“Most country people had juicy apple and persimmon trees on their land. Mother canned applesauce by quart dozens, which lasted us until the next apple crop. Applesauce was eaten warmed with butter and spices and was particularly good with pork chops at supper. It was used in many other ways, such as in the Apple Brown Betty, pies, and cakes.
The persimmon tree was a favorite of mine. It stood at the top of the hill that led down to our house and was remote enough to sit under and daydream whilst eating the fruit ripe off the tree. Bright orange in color, squishy and succulent in the mouth, persimmons made a fine spiced pudding.”
—Jean Boone Benfield – “Mountain Born”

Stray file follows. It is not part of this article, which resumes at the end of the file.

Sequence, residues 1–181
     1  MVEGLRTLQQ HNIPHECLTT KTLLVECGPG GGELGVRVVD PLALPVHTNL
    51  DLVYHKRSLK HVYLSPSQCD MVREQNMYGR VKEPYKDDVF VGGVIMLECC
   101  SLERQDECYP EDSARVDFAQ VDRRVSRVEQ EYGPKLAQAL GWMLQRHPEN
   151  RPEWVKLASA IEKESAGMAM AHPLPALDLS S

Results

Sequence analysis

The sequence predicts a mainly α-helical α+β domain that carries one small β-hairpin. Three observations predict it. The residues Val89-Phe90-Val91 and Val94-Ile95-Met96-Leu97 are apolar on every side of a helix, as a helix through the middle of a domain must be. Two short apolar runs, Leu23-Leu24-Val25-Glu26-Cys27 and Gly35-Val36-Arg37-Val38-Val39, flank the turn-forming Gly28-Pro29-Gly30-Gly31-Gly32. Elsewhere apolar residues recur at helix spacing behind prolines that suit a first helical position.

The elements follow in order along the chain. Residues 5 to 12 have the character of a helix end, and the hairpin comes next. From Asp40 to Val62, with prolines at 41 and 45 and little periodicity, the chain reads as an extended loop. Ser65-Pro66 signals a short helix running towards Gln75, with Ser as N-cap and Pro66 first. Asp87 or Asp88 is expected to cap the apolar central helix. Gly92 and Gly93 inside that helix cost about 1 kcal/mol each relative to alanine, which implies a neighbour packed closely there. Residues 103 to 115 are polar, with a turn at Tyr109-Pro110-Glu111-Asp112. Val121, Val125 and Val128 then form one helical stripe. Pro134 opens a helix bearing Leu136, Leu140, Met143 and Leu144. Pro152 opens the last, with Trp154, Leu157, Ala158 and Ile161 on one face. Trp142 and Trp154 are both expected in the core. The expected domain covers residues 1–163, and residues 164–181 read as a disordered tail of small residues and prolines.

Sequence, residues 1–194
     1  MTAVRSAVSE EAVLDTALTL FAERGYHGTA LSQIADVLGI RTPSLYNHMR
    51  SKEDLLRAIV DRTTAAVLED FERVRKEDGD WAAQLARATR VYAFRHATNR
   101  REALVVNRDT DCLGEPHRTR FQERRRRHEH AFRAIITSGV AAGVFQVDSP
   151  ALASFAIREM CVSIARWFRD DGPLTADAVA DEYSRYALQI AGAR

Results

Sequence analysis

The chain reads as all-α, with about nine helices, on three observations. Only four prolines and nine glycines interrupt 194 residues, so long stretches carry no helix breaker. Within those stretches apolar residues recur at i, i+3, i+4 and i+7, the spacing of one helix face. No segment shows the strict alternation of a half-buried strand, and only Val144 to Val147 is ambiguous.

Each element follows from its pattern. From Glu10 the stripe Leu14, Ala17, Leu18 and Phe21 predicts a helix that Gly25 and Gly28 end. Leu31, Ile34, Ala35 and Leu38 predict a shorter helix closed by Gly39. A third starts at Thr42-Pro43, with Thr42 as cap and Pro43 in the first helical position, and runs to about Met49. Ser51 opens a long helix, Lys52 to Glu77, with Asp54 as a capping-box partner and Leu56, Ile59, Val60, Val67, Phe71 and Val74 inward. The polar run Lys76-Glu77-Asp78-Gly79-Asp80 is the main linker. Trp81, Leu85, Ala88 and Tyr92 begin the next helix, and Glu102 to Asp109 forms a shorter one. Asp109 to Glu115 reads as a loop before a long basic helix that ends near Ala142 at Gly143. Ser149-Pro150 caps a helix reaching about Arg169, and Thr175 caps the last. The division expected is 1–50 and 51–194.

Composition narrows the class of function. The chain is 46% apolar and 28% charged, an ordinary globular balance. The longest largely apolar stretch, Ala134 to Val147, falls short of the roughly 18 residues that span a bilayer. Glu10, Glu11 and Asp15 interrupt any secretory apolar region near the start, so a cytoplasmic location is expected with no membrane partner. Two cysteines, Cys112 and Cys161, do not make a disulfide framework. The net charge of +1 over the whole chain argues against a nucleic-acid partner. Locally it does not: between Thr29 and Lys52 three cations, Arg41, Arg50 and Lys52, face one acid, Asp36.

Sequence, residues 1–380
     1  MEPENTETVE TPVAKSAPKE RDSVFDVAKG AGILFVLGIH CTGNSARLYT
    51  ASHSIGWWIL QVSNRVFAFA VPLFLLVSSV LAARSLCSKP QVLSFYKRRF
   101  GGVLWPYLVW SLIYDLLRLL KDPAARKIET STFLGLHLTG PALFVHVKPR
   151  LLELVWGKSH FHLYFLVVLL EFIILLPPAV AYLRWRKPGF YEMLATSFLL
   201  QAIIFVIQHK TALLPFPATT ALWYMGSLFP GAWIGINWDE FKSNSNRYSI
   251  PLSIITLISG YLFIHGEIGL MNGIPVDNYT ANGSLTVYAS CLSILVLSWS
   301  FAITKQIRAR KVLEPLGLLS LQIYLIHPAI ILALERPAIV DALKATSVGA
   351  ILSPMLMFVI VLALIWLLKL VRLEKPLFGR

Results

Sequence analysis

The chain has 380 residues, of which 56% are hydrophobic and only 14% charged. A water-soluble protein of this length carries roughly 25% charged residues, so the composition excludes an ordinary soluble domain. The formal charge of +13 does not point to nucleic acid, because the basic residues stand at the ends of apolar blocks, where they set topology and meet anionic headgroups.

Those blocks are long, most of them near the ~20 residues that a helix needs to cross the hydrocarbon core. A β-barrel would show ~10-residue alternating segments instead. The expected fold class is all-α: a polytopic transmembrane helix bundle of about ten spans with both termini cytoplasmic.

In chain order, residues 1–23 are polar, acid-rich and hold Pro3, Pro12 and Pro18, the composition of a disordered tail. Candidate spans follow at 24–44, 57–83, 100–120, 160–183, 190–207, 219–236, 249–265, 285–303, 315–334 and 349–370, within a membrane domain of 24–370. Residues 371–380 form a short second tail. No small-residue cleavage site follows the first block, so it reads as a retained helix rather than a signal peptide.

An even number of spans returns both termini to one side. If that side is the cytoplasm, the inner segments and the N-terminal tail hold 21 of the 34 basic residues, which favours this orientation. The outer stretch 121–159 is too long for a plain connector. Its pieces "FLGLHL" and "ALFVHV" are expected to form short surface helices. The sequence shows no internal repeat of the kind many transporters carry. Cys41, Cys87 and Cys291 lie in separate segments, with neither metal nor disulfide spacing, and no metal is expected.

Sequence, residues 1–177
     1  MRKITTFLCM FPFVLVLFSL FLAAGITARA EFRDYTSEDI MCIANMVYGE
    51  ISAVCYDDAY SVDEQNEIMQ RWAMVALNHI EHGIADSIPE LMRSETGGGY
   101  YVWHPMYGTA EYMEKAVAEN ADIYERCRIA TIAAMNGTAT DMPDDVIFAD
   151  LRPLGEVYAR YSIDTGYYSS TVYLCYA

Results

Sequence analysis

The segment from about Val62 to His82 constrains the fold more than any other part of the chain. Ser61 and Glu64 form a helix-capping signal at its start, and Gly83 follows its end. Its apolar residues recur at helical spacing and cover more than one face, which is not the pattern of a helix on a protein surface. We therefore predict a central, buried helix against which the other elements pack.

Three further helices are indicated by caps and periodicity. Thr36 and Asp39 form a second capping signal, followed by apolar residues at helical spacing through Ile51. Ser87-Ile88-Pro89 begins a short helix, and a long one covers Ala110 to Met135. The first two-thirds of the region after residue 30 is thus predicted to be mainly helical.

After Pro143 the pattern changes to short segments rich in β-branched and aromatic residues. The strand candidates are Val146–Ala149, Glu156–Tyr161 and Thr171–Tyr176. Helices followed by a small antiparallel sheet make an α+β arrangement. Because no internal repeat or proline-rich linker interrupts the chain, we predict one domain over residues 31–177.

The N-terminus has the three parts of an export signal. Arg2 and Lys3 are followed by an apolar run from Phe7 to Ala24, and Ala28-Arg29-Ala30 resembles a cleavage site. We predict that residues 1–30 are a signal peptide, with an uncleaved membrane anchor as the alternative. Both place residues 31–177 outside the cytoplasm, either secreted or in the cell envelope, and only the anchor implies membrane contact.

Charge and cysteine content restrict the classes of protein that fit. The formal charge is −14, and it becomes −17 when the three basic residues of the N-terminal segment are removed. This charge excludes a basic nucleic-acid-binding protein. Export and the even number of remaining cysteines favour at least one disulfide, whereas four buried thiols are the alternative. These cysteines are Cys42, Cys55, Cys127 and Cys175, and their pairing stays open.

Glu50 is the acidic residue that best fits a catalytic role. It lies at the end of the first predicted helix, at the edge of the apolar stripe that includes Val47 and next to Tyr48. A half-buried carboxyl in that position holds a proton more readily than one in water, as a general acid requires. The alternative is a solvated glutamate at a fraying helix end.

The late hard frost got a lot of the apples in my neck of the woods. Makes me extra thankful for the applesauce that’s still sitting on my canning shelves. Of course if some apples happen to come my way I’ll be happy to turn them into goodness in a jar 🙂
There used to be a persimmon tree at the bottom of our driveway…but that was in the days before our driveway was here. I need to explore the area and see if there’s any descendants of the tree I remember.
Last night’s video: A Traditional Appalachian Meal